Choosing Just One: Which Online Course Should You Take?

By Denton Zhou | Updated June 19, 2018 (Originally Published April 28, 2018)

Not long ago, you might have wondered if an online course existed about a given topic. Today, with well over 10,000 online courses out there, you might have an entirely different concern—which course of many on a topic is most suitable for you?

In this post, we'll discuss ways you can quickly evaluate courses so you can spend less time browsing and more time learning from online courses. Let's dive in.

Know what you want to learn

Before you can make use of any of our tips, you should spend a few minutes to reflect on what you're hoping to achieve with an online course. Ask yourself:

  • What specific skills do you want to acquire?
  • What kind of knowledge do you want to develop?
  • Which specific tools or methodologies do you want to learn how to use?

Think of your answers to these questions as a guide or grading rubric against which you can evaluate each course you come across. Once you've taken stock of your needs and goals, you'll be better equipped to take advantage of our tips below.

Course descriptions are your friend

These descriptions are short blurbs about courses written by the very instructors who designed and authored them. Knowing what to look for in a description can help you make an informed decision on whether a course will be worth your time and money.

Having read a thousand plus course descriptions ourselves, we've found it most helpful to look for:

  • Learning objectives
  • Tools, methods, and techniques used
  • Intended audience and prerequisites
  • The overall "quality" of the description itself

Learning objectives tell us what skills or knowledge we can expect to have by the end of a course. These alone can help us rule out unhelpful courses. If you're looking to take a course in a more technical or specialized field, you'll also want pay attention to the specific tools, methods, and techniques that are taught and used in a course.

As you skim through the description, it helps to self evaluate your level of expertise on a topic and then see if you fall within a course's intended audience. Some instructors explicitly describe their audience or list out prerequisites, but many others simply allude to the target audience. For the latter, pay attention to the language in the description itself. A description packed full of jargon that remain undefined might mean a course geared towards advanced learners. Similarly, a course described in layman's terms may be more introductory in nature and meant for a broader audience.

Finally, not all course descriptions are made the same. While most are written honestly, intended to help you make the best decision, some will happily spin themselves for a sale. Be wary of descriptions that sound like marketing pitches and employ some skepticism when a course seems too good to be true (e.g. learning many things in a short amount of time). These courses might be good, but there might be another better tailored to you.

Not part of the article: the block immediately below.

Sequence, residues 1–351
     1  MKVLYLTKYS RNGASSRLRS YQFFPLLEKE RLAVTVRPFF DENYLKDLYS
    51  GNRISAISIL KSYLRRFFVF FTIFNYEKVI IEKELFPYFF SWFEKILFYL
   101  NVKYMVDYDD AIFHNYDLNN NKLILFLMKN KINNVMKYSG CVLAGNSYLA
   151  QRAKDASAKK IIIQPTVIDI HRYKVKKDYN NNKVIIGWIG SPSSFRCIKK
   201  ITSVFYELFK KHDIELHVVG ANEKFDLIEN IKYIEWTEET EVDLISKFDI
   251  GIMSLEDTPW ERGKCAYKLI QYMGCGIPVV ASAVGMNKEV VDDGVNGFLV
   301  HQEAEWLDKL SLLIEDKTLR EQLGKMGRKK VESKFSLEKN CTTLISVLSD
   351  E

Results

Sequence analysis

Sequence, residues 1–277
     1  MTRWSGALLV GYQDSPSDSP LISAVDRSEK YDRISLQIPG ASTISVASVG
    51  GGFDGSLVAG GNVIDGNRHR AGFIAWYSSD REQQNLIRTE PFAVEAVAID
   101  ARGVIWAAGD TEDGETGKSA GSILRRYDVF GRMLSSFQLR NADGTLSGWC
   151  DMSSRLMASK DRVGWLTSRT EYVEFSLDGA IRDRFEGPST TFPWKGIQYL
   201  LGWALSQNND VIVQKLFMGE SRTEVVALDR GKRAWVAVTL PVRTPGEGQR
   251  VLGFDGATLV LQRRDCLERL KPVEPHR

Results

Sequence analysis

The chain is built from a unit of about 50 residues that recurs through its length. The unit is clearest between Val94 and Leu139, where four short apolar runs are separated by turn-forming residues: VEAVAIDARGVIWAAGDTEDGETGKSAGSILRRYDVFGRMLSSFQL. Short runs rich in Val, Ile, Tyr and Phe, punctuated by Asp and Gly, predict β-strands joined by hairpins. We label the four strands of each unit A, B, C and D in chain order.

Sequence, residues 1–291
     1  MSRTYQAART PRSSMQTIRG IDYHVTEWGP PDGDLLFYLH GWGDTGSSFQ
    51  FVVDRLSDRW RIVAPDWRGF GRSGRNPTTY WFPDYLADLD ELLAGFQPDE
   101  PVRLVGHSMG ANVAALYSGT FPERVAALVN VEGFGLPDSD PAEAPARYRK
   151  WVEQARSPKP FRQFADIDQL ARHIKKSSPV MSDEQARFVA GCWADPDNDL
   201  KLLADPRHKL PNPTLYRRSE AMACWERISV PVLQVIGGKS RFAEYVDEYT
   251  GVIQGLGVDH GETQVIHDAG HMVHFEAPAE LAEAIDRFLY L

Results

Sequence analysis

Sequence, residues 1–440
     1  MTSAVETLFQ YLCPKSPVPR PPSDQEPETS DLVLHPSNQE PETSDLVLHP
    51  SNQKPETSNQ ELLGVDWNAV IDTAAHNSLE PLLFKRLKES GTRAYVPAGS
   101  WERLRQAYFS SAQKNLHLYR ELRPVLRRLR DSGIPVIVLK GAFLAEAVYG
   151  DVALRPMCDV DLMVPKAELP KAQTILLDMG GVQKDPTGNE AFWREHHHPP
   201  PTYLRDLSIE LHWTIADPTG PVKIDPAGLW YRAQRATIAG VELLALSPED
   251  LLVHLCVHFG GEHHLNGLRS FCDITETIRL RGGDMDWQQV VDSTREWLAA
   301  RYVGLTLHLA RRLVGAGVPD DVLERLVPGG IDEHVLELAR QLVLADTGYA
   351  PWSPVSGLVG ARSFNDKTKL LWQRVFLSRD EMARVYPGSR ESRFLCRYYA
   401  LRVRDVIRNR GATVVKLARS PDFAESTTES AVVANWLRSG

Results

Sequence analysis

Course metadata are also your friend

Next to each course description is a table filled with useful course metadata. From here, you can find out who's teaching your course, the universities and institutions backing it, and valuable data points like effort required (hours per week and total length in weeks) and cost.

If you're running on a tight budget, schedule, or both, then you can save a great deal of time looking through the table first before doing a deep dive on the course description.

Create a shortlist

Just as you might add a few items of interest to a shopping cart on Amazon, you can also add courses you're thinking about taking to your course list. If you're looking to learn a popular topic, you'll inevitably come across many viable courses. Use the "Save" feature to add courses to your list that you can review later.

Don't be afraid to double up

Let's say you started with 8 courses and you've managed to whittle down your list to two or three. That's a great start–a dilemma or trilemma is better than an octolemma!

If you're still undecided, we encourage you to sit in on a few courses at once. Doing so gives you a closer look at each course. You'll get an opportunity to see how instructors lead a course, see whether the course clicks with your learning style, and explore components of the course like homework assignments and discussion communities that you otherwise couldn't from just looking at the course description.

Almost each course we list on OpenCourser offers a free trial as well—usually at least a week long—so there's no financial downside to testing out multiple courses before settling on one. Just be sure you have enough time to properly assess all of the courses you take simultaneously so you can make the most informed decision possible.

Choosing "the one"

These tips are designed to help narrow your choices and choose a course that best fits with your goals. For many, the best choice usually surfaces to the top fairly quickly. For others, it might take a bit more time comparing different courses and researching options, including non-course alternatives like books, videos, tutorials, and in-classroom offerings.

Although the main point of this post is to help you unearth that most optimal course, finding the absolute ideal course is just one part of the equation. Chances are, unless you complete many courses at once, you'll probably never know if you landed on "the one," so don't fret if you aren't feeling 100% sure about a course you're thinking about taking. You're likely doing pretty well already choosing a course if you're following the tips we've outlined here.

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